Earlier this year, Klein's Colombian shenanigans attracted the attention of Interpol, which on
3 April responded to a Colombian request and issued an international arrest warrant for Klein and Israeli nationals Melnik
Ferri and Tzedaka Abraham, with the warrants alleging that the trio was involved in criminal conspiracy and instruction in
The Colombian government has made persistent but unsuccessful attempts to extradite Klein from
Israel. In a March interview with Colombia's private Caracol TV channel, Klein asserted that the Colombian police sought his
assistance in order to train its members, and in an extraordinary display of chutzpah, stated he would like to return to Colombia
in order to assist Colombian security forces in neutralizing FARC guerillas.
Military options not a solution
Justice will apparently come slowly, as the head of Colombia's DAS intelligence agency, Andres
Penate, who is involved in Klein's detention, said his extradition could take up to a year.
There are a few glimmers of hope in this grim picture. Since 2004, AUC paramilitaries have largely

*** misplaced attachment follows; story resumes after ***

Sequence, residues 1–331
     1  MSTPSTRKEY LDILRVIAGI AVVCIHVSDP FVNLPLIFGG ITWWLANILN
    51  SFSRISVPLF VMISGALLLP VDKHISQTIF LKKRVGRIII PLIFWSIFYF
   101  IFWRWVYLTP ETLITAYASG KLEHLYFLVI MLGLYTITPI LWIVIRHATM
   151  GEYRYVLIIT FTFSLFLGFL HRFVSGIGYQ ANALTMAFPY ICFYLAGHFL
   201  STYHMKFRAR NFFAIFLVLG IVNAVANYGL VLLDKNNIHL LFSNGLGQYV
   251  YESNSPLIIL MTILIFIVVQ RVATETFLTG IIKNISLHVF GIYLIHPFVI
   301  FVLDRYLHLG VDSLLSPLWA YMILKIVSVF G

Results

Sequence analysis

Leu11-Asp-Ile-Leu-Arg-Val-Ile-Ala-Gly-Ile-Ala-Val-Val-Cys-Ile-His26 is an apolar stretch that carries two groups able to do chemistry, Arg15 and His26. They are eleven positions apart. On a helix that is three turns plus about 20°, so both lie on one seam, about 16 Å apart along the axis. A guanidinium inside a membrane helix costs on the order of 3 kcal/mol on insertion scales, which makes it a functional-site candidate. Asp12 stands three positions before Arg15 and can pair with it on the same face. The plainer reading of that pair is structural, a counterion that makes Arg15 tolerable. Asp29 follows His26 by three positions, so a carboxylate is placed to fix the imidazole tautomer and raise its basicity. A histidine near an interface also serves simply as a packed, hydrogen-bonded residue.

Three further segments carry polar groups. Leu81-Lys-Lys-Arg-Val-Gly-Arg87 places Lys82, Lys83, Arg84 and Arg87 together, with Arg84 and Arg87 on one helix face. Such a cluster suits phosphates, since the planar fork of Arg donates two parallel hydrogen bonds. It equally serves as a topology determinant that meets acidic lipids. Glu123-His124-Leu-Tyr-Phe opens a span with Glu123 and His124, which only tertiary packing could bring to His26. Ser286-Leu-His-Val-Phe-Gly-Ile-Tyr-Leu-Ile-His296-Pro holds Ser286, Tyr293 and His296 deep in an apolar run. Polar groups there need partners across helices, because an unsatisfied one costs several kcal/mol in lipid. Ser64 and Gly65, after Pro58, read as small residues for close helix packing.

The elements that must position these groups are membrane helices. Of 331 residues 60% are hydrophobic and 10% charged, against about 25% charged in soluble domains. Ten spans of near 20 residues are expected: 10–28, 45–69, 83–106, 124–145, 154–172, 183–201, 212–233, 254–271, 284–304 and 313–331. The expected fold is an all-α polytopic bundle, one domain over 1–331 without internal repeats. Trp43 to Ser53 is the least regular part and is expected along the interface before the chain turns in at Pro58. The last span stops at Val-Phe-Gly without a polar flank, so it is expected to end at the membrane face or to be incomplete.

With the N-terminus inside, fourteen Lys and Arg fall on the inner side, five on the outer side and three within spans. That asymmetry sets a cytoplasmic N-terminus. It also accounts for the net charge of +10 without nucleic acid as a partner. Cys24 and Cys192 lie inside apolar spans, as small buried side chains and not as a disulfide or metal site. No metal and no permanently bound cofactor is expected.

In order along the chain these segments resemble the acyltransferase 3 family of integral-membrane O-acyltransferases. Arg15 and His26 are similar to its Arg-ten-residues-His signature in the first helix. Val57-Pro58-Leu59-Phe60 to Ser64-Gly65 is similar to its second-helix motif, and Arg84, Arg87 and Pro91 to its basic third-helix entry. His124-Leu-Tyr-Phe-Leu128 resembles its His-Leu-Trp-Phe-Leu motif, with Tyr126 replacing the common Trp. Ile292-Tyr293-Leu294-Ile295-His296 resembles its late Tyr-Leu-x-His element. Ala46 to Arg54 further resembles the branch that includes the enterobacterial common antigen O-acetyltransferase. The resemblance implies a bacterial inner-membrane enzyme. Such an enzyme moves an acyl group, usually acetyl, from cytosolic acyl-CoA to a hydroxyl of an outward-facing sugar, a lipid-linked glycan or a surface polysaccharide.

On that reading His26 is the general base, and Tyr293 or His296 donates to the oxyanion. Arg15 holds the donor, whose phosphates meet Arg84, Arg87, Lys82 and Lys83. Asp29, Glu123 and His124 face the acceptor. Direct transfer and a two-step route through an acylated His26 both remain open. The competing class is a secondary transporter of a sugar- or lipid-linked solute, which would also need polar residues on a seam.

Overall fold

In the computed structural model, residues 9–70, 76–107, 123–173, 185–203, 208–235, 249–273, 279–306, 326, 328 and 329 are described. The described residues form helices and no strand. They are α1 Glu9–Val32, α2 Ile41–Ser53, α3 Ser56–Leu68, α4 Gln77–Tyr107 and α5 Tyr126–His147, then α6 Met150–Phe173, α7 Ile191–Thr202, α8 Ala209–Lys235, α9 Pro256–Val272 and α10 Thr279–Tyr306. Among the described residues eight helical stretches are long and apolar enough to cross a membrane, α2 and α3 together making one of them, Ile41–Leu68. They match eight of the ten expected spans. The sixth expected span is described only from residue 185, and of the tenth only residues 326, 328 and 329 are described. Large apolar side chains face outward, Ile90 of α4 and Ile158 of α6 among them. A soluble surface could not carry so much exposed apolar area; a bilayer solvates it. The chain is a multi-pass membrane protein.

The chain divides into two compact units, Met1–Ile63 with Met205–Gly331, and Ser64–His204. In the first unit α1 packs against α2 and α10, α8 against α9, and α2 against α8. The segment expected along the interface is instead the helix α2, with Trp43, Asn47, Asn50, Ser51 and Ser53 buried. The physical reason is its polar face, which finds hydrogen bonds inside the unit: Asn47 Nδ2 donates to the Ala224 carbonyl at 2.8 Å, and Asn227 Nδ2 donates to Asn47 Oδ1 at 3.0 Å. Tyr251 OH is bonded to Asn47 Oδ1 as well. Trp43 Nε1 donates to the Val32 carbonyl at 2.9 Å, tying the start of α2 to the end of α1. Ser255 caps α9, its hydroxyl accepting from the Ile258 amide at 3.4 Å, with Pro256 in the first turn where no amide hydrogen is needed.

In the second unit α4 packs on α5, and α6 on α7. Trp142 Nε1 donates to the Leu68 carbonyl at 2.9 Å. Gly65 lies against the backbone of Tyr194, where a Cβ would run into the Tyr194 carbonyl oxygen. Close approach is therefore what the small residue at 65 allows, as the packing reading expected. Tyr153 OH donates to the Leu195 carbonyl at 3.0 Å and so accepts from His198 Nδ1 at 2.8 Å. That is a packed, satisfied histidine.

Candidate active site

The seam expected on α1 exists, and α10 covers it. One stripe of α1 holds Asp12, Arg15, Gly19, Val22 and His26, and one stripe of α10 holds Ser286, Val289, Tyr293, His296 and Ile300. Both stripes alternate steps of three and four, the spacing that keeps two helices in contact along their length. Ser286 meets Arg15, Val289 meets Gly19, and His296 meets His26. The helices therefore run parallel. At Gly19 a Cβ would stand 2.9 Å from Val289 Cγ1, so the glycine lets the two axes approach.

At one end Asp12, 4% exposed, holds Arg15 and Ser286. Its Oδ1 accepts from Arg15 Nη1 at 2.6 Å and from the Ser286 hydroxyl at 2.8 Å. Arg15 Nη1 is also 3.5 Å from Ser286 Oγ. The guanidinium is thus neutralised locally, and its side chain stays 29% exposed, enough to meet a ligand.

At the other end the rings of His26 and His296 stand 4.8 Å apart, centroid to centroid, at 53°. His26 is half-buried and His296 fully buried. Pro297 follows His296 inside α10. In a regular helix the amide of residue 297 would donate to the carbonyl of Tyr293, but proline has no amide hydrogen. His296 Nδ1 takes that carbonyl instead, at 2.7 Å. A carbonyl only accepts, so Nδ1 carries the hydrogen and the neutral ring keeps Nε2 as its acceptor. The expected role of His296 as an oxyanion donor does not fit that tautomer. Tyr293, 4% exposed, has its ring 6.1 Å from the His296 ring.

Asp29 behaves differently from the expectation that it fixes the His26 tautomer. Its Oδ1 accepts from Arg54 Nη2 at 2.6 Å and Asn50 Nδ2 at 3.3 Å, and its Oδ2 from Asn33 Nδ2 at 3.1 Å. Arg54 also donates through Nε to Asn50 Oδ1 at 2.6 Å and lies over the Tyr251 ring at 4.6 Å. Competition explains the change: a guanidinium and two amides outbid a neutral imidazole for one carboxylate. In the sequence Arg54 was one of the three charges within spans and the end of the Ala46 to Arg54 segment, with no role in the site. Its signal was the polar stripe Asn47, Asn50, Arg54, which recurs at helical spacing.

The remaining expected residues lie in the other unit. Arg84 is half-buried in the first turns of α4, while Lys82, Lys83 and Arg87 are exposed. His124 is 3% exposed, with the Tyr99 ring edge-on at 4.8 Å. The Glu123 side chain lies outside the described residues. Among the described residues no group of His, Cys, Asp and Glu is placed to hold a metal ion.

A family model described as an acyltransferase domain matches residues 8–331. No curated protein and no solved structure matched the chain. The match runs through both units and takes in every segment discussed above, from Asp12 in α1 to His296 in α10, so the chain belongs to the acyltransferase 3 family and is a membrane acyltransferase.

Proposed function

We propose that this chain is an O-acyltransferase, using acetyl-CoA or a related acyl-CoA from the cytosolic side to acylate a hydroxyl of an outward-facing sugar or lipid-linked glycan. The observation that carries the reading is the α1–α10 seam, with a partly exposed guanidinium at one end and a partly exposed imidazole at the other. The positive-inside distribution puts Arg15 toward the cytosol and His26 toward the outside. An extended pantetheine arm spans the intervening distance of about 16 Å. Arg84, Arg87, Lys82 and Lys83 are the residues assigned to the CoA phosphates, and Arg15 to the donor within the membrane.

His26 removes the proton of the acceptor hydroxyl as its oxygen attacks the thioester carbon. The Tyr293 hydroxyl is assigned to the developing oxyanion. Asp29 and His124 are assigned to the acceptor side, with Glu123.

honored a ceasefire and thousands have handed in their weapons, but President Alvaro Uribe has come in for harsh criticism
for granting too many concessions to the right-wing paramilitaries.
Two issues seem to emerge from this convoluted situation. First, after 40 years of conflict,
a political situation addressing the insurgency seems to be the best hope for ending the conflict. The timeline parallels
that of the British presence in Northern Ireland, which eventually produced such an outcome.
Secondly, "outside" assistance, whether in the form of financial assistance or military expertise,
has not produced a solution, but instead seems to have prolonged the conflict. As distasteful as it might be to the Uribe
administration, discussing the issues fueling the conflict might lead to a cessation of hostilities, since military options
have at best produced a stalemate and created rogue mercenaries providing expertise that, far from ending the conflict, prolonged
Dr. John C. K. Daly is a Washington
DC-based consultant and an adjunct scholar at the Middle East Institute.
This article was originally published
at ISN Security Watch (09/03/07).
The International Relations and Security Network (ISN) is a free public service that provides a wide range of high-quality
and comprehensive products and resources to encourage the exchange of information among international relations and security
Reprinted with permission from ISN.